More than 150 years after the day that Texas received word of the signing of the Emancipation Proclamation, the holiday of Juneteenth still has not received federal recognition. Historian and Harvard professor Annette Gordon-Reed joined Jim Braude to talk about the significance of the day, explored in her new book, ‘On Juneteenth,’ and growing up in Texas, where the holiday originated.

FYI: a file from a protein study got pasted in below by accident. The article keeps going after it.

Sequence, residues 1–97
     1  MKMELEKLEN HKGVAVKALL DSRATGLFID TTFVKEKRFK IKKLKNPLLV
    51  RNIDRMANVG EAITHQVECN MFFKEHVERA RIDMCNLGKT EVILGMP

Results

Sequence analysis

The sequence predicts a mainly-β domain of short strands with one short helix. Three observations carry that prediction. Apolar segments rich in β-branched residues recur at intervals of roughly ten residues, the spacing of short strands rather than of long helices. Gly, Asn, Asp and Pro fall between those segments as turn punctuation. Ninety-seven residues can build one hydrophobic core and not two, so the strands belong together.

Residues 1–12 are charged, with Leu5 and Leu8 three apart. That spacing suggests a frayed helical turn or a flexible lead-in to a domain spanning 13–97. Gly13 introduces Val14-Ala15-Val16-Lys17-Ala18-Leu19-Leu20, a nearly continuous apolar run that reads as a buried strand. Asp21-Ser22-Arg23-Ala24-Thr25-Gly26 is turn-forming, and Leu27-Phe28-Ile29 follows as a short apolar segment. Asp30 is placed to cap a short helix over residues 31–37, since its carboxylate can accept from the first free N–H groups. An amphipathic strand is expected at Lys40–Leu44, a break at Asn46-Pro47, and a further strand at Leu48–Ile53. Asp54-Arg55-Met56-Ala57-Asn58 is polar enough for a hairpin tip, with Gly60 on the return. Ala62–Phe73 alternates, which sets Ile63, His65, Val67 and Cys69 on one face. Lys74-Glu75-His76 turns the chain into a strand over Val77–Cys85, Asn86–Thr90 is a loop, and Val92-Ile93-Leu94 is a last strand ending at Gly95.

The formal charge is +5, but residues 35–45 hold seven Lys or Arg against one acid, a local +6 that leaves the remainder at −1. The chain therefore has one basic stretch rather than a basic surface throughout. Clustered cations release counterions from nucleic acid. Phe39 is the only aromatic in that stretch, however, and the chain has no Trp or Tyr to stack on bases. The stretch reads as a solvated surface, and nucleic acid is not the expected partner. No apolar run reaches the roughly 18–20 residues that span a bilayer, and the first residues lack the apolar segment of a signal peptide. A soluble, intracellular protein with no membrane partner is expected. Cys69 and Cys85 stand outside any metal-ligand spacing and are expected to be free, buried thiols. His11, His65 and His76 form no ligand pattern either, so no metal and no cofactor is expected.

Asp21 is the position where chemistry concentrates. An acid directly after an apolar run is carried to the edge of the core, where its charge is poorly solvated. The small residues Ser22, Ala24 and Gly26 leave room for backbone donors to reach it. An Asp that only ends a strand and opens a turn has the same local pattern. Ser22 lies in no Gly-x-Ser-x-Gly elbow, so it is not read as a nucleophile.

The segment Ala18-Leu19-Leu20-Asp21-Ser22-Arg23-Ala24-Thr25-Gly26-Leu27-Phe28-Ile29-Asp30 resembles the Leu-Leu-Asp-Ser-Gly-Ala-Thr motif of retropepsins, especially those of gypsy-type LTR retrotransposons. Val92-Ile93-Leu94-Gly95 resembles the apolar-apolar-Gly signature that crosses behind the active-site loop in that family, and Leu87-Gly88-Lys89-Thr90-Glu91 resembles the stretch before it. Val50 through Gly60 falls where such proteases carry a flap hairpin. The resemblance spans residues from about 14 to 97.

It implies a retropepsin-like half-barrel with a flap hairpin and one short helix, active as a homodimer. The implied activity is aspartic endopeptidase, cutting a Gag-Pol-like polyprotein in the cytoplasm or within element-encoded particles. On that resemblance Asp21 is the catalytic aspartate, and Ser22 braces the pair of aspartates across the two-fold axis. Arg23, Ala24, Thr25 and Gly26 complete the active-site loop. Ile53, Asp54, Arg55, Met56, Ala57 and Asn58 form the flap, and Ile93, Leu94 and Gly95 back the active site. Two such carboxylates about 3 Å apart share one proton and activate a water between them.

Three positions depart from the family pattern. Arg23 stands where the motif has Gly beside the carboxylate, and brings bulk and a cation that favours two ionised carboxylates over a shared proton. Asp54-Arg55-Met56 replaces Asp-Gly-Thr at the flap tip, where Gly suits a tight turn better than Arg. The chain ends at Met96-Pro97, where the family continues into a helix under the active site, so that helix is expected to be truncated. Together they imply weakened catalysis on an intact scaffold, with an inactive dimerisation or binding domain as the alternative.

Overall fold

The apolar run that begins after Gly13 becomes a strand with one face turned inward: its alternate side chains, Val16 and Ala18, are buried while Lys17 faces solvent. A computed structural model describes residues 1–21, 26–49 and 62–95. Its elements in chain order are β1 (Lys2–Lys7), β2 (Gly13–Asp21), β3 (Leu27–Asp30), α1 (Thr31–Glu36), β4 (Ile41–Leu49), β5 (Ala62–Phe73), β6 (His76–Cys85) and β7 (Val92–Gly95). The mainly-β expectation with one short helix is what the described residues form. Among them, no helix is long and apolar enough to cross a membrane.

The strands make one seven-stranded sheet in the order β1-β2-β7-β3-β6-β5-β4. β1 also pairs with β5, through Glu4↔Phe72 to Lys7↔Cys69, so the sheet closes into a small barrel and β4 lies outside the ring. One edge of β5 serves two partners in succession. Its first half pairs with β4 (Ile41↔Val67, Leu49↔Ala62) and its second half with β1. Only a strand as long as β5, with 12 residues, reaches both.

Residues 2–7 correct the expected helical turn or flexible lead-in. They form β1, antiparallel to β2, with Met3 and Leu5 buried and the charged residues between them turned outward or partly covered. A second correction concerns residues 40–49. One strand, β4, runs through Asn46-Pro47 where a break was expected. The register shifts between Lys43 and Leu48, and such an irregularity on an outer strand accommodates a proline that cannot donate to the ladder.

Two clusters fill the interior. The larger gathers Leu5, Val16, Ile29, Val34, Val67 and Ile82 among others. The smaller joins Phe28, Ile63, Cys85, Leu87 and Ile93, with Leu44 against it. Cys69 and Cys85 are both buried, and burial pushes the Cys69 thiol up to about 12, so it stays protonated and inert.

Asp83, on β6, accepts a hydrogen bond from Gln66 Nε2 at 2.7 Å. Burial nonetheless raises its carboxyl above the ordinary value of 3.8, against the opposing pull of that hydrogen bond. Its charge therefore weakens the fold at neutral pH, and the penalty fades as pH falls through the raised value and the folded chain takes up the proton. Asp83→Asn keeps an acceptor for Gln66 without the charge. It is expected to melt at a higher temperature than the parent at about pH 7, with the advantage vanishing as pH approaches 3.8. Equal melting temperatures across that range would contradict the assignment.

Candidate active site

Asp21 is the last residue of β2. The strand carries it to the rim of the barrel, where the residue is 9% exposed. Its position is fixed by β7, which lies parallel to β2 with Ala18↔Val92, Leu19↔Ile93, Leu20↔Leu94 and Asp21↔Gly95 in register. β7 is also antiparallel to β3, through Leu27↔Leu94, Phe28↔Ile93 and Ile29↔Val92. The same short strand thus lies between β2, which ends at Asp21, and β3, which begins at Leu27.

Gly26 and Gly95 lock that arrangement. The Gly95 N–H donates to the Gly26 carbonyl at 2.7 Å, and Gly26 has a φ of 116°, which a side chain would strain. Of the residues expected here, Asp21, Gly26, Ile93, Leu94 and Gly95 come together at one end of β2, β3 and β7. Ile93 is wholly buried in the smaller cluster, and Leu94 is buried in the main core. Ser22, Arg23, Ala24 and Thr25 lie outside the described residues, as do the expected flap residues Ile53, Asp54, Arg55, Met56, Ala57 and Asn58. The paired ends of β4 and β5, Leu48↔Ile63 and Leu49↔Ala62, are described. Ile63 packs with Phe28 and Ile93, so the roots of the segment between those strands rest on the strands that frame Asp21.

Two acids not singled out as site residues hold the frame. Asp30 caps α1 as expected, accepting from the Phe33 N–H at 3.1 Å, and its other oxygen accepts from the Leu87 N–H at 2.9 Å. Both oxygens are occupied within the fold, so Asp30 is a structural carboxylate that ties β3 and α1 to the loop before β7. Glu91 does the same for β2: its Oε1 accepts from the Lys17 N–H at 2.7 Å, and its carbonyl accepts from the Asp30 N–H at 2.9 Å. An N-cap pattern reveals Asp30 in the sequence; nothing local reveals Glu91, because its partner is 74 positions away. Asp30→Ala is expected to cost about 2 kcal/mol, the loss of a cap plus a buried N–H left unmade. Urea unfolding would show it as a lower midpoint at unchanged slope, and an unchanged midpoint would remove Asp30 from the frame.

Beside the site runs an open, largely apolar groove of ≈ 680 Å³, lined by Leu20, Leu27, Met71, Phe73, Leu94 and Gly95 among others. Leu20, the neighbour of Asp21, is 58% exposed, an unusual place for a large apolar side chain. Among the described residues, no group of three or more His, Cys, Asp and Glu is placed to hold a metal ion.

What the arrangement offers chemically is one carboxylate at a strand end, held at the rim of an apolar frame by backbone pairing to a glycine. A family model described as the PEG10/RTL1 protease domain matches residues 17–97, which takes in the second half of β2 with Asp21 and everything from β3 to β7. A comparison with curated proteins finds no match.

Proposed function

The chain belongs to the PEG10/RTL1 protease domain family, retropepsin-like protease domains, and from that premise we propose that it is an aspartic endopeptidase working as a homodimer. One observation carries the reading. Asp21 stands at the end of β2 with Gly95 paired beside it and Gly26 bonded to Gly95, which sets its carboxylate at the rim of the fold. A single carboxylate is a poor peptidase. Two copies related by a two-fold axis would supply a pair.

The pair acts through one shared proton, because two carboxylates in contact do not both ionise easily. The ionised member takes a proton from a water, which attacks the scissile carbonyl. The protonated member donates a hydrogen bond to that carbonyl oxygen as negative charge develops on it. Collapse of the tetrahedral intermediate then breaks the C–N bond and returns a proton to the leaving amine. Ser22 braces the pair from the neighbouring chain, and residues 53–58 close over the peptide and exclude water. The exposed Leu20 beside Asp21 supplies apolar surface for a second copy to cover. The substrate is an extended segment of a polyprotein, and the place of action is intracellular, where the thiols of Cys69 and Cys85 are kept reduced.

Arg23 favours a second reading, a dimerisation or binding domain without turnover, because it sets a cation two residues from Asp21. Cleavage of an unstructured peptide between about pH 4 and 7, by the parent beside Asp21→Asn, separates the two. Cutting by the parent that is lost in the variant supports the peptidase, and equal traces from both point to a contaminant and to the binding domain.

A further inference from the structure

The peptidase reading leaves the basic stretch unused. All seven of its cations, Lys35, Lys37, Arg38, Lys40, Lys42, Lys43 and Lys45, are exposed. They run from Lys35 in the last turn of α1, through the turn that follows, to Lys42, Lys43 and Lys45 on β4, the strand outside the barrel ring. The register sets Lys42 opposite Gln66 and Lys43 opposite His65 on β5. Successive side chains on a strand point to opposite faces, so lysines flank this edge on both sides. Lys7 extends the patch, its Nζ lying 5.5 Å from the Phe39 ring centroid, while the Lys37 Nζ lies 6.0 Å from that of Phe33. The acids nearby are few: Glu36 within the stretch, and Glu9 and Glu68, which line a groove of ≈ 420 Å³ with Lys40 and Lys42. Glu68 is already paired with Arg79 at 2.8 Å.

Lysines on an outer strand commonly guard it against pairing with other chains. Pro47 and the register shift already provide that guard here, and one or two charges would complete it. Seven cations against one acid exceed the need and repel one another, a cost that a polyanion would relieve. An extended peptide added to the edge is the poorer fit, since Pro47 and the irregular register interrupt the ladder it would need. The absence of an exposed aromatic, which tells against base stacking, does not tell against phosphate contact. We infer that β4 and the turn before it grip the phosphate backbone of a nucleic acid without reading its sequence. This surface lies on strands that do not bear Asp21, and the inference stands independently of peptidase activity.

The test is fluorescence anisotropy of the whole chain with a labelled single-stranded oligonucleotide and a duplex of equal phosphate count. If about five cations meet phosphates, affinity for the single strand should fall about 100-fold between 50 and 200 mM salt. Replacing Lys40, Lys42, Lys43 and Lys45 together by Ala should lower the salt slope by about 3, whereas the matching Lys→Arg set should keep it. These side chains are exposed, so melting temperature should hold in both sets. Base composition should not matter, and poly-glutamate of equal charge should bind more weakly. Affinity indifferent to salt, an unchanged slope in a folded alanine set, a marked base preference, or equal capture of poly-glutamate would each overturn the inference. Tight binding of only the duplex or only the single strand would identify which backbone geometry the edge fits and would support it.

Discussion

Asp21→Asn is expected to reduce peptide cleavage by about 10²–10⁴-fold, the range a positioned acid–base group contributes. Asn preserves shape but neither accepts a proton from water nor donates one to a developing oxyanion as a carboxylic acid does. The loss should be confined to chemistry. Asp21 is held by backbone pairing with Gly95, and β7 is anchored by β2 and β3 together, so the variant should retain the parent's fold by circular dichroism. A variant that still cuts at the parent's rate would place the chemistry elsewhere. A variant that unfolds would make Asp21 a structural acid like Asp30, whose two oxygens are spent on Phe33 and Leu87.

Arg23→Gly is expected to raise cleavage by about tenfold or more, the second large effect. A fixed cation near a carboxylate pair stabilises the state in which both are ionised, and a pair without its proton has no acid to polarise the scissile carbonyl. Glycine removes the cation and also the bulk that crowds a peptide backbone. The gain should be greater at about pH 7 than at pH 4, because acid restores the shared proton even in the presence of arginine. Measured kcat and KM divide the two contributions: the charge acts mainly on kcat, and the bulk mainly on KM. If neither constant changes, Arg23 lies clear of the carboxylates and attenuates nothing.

“The image of Texas is of a white man — Texas has been constructed as white and male,” Gordon-Reed said. “People think of a cowboy, or an oilman or a rancher. Even though a number of cowboys were Black — that’s another part of history that’s not known well. From Hollywood there’s an image, it’s [that] Texas is about the west, not East Texas, where I grew up, which was a plantation society… a slaveholder’s republic.”

“Violence has always been a part of the story,” Gordon-Reed said about Americans’ lack of knowledge about Black history and Juneteenth.

WATCH: The legacy of Juneteenth